Numerous studies have also described the role of IL-1β in impaired insulin secretion and insulin resistance. These include eight independent clinical trials using three different IL-1 modulators that confirm the important role of IL-1β for glucose metabolism in patients with diabetes. For example, anakinra (an IL-1β antagonist) treatment of patients with prediabetes resulted in improved β-cell secretory function. Later studies demonstrated that anakinra influences insulin secretion and insulin resistance, thereby improving type 2 diabetes pathogenesis. Canikinumab (another IL-1β-specific antibody) was also able to slightly improve insulin secretion rate in a small study of individuals with impaired glucose tolerance or well-controlled type 2 diabetes. A third IL-1 modulator (IL-1β-specific antibody, LY2189102) was able to improve glycated hemoglobin levels, fasting and postprandial glycemia, and inflammatory biomarkers.
Effective Immunomodulatory Drugs
Salsalate inhibits the NF-κB pathway. It is the prodrug form of salicylic acid and is prescribed because it has fewer side effects than sodium salicylate. Seven individual clinical trials have demonstrated that salsalate improves both inflammatory and metabolic markers. Specifically, treatment with salsalate improved glycemia, reduced levels of C-reactive protein and increased adiponectin blood plasma levels in obese and nondiabetic adults as well as adults with diabetes. In some cases, the mechanism of action of an antiinflammatory drug has not yet been fully elucidated. This is the case for diacerein and AC-201. Both of these antiinflammatory drugs have proven effective in patients with type 2 diabetes.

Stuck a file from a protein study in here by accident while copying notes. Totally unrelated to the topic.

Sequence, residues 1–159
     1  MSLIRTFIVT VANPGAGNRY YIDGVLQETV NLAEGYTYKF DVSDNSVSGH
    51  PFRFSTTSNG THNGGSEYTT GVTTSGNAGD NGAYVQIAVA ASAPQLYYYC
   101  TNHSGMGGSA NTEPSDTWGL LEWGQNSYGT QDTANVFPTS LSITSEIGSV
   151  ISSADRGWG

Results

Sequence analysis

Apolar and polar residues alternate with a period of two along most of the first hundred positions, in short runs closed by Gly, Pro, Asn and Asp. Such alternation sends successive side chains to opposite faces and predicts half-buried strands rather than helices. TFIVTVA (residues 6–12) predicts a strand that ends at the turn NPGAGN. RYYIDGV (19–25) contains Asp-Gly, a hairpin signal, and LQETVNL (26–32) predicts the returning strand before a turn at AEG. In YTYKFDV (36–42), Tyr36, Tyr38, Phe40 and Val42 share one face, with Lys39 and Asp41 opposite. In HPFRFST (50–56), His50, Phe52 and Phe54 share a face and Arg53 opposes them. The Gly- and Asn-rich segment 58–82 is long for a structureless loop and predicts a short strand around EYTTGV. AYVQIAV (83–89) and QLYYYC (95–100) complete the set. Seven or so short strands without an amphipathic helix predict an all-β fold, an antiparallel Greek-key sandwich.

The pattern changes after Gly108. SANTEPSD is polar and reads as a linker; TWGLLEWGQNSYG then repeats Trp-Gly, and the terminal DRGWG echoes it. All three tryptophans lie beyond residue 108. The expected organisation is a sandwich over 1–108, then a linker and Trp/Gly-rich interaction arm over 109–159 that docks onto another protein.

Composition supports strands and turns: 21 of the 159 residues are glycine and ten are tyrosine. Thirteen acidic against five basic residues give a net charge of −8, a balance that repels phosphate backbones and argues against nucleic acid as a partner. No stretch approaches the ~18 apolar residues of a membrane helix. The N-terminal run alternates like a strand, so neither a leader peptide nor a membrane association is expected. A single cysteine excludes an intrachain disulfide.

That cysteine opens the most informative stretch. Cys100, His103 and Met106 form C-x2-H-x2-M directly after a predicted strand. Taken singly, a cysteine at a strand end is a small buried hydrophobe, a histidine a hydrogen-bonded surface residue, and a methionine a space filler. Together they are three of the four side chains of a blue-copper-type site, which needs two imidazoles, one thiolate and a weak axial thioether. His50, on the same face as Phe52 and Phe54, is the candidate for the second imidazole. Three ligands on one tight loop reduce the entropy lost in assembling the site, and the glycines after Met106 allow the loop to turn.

Future of Antiinflammatory Drugs
The cost of treating patients with diabetes is rapidly becoming a global concern. By extension, the cost of any new drug will likely be scrutinized, particularly since type 2 diabetes is a slowly progressing chronic disease. Treatment of diabetes with antiinflammatory drugs also raises numerous questions revolving around the magnitude of effect, as well as long-term safety. In particular, there is concern about the long-term effects of immunomodulatory drugs with long half-lives.
Dr. Donath believes rheumatologists will have an important role in exploring the effect of immunomodulatory drugs on the treatment of type 2 diabetes. “A large number of patients treated by rheumatologists have diabetes alongside with their rheumatoid disease. Some antiinflammatory drugs may improve both conditions. For example, patients with RA and diabetes may benefit for both conditions from a TNF antagonist or patients with gout and diabetes may have optimal treatment with an IL-1 antagonist.”
Can Obesity Be Ignored?
Deborah Jane Wexler, MD, an endocrinologist at Massachusetts General Hospital in Boston, spoke with The Rheumatologist by phone about the review article and the alternative approach to treating diabetes it describes. While agreeing that an antiinflammatory approach to treating diabetes is attractive for many diabetes scientists, she points out, “the problem is that the search for the antiinflammatory silver bullet drug has not been successful.”